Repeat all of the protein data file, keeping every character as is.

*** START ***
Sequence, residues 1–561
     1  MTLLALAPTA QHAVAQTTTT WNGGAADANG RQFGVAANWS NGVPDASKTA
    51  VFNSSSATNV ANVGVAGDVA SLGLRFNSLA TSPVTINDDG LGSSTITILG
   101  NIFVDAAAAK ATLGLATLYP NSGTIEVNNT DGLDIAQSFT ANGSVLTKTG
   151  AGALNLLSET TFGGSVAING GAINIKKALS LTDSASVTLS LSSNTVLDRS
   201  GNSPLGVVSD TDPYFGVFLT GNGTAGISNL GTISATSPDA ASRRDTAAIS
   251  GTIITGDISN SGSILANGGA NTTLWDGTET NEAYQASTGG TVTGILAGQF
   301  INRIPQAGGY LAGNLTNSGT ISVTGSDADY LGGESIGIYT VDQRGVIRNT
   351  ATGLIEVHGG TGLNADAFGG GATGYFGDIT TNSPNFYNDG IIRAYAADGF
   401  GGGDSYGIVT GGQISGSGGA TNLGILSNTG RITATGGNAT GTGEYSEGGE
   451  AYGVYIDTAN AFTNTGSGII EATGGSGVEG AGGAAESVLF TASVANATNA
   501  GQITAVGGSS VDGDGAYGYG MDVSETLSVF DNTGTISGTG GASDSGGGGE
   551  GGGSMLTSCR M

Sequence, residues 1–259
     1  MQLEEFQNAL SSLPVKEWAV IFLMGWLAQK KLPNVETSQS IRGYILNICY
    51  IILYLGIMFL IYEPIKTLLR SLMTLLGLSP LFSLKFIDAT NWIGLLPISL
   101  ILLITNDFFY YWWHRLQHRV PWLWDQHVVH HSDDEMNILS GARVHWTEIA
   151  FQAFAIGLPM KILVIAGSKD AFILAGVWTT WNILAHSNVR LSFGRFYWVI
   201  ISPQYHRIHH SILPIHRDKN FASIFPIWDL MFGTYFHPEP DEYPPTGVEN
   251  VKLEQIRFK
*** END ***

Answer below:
Sequence, residues 1–561
     1  MTLLALAPTA QHAVAQTTTT WNGGAADANG RQFGVAANWS NGVPDASKTA
    51  VFNSSSATNV ANVGVAGDVA SLGLRFNSLA TSPVTINDDG LGSSTITILG
   101  NIFVDAAAAK ATLGLATLYP NSGTIEVNNT DGLDIAQSFT ANGSVLTKTG
   151  AGALNLLSET TFGGSVAING GAINIKKALS LTDSASVTLS LSSNTVLDRS
   201  GNSPLGVVSD TDPYFGVFLT GNGTAGISNL GTISATSPDA ASRRDTAAIS
   251  GTIITGDISN SGSILANGGA NTTLWDGTET NEAYQASTGG TVTGILAGQF
   301  INRIPQAGGY LAGNLTNSGT ISVTGSDADY LGGESIGIYT VDQRGVIRNT
   351  ATGLIEVHGG TGLNADAFGG GATGYFGDIT TNSPNFYNDG IIRAYAADGF
   401  GGGDSYGIVT GGQISGSGGA TNLGILSNTG RITATGGNAT GTGEYSEGGE
   451  AYGVYIDTAN AFTNTGSGII EATGGSGVEG AGGAAESVLF TASVANATNA
   501  GQITAVGGSS VDGDGAYGYG MDVSETLSVF DNTGTISGTG GASDSGGGGE
   551  GGGSMLTSCR M

Sequence, residues 1–259
     1  MQLEEFQNAL SSLPVKEWAV IFLMGWLAQK KLPNVETSQS IRGYILNICY
    51  IILYLGIMFL IYEPIKTLLR SLMTLLGLSP LFSLKFIDAT NWIGLLPISL
   101  ILLITNDFFY YWWHRLQHRV PWLWDQHVVH HSDDEMNILS GARVHWTEIA
   151  FQAFAIGLPM KILVIAGSKD AFILAGVWTT WNILAHSNVR LSFGRFYWVI
   201  ISPQYHRIHH SILPIHRDKN FASIFPIWDL MFGTYFHPEP DEYPPTGVEN
   251  VKLEQIRFK